Alderney camps
Alderney camps
memorial plaque

The Germans arrived to a deserted island, and began to follow their orders to fortify Alderney
Alderney
as part of Hitler's Atlantic Wall. In January 1942 they built four camps in Alderney: two work camps, Lager Helgoland and Lager Borkum, and two concentration camps, Lager Sylt and Lager Norderney. They were built by the Nazi
Nazi
Organisation Todt (OT) to house the labour used to build fortifications including bunkers, gun emplacements, tunnels, air-raid shelters and other concrete and field fortifications. Lager Norderney, containing Russian and Polish POWs, and the Lager Sylt camp holding Jewish slave labourers, were transferred to SS administration in March 1943 under the control of Hauptsturmführer
Hauptsturmführer
Maximilian List. There are 397 graves in Alderney, which when added to the men who died in ships, takes the total to over 700 out of a total inmate population of 6,000 who lost their lives before the camps were closed and the remaining inmates transferred to France in 1944. On the return to their island, Alderney evacuees had little or no knowledge of the crimes committed on their island during the occupation, because by December 1945, the first date civilians could return home, all the slave labourers had been sent away and the majority of the German troops left behind were not senior staff. Evidence, however, was all over the island, with concrete fortifications and graveyards for the prisoners kept there during the occupation. The Royal Navy
Royal Navy
blockaded the islands from time to time, particularly following the liberation of Normandy
Normandy
in 1944. Intense negotiations resulted in some Red Cross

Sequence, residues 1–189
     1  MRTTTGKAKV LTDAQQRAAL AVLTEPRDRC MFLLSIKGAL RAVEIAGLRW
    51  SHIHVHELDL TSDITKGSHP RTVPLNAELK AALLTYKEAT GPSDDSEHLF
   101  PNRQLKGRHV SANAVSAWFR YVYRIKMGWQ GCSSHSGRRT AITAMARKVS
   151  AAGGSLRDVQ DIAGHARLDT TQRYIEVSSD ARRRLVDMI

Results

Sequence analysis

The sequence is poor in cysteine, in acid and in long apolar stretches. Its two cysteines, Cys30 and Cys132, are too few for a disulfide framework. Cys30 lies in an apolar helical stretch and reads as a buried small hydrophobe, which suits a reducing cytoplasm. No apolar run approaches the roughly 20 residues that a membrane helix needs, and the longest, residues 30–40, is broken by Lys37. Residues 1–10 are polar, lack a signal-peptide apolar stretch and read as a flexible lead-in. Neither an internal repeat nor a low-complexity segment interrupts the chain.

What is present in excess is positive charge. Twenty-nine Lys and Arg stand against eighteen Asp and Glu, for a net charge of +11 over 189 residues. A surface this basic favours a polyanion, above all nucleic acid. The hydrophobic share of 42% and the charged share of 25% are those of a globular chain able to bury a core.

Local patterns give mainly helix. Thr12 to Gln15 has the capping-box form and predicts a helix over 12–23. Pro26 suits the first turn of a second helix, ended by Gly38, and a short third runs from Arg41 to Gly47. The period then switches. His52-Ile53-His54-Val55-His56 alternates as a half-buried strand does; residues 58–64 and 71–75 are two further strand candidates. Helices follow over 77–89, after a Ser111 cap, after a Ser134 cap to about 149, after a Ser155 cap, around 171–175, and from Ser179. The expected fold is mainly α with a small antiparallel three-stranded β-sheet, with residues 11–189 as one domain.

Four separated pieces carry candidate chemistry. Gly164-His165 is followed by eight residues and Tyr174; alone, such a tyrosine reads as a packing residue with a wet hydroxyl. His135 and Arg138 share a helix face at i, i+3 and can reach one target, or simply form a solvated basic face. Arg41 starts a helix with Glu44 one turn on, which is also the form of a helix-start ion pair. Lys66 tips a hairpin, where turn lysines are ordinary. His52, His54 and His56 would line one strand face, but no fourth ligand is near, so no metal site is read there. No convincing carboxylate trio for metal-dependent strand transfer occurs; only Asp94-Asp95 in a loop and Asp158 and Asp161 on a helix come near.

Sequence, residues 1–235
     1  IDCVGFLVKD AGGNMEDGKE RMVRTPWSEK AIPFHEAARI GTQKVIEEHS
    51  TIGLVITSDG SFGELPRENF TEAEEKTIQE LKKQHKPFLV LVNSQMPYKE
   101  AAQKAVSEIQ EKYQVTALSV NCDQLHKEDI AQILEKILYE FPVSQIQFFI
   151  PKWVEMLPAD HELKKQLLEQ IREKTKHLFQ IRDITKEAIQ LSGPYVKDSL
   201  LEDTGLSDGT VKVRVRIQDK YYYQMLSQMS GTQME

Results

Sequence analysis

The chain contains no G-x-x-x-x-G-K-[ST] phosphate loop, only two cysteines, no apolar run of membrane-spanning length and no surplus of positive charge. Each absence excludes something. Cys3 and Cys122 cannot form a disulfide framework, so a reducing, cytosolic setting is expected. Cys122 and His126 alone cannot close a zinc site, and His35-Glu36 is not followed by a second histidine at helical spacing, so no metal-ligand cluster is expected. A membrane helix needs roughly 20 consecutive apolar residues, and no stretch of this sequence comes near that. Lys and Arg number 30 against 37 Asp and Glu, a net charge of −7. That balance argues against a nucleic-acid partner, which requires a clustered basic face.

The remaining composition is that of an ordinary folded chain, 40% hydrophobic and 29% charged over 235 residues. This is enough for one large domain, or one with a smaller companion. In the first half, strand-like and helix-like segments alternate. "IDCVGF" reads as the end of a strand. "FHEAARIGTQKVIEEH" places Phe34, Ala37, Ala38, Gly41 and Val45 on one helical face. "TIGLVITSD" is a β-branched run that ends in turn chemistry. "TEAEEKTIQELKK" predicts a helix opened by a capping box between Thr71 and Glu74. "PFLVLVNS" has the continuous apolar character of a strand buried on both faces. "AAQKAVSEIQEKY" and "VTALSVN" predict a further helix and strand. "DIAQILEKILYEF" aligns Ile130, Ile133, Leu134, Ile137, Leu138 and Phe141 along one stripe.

Red Cross
humanitarian aid, but there was considerable hunger and privation during the five years of German occupation, particularly in the final months when the Germans themselves were close to starvation. The Germans surrendered Alderney on 16 May 1945, eight days after the Allies formally accepted the unconditional surrender of the armed forces of Nazi
Nazi
Germany and the end of Adolf Hitler's Third Reich, and seven days after the liberation of Guernsey
Guernsey
and Jersey. 2,332 German prisoners of war were removed from Alderney
Alderney
on 20 May 1945, leaving 500 Germans to undertake clearing up operations under British military supervision.[10] The people of Alderney
Alderney
could not start returning until December 1945 due to the huge cleanup operation needed simply to make the island safe for civilians. When the islanders returned home they were shocked to see the state of the island, with many houses completely derelict: the Germans had burned anything wooden, including front doors, for fuel. Archival and object evidence of the general evacuation in 1940 and the subsequent occupation of Alderney
Alderney
can be found in the Alderney
Alderney
Society Museum. A series of tunnels also remain in place on Alderney, constructed by forced labour. These are in varying degrees of decay, being left open to the public and the elements. Since 1945[edit] For two years after the end of the war, Alderney
Alderney
was operated as a communal farm. Craftsmen were paid by their employers, while others were paid by the local government out of the profit from the sales of farm produce.[11] Remaining profits were put aside to repay the British Government
British Government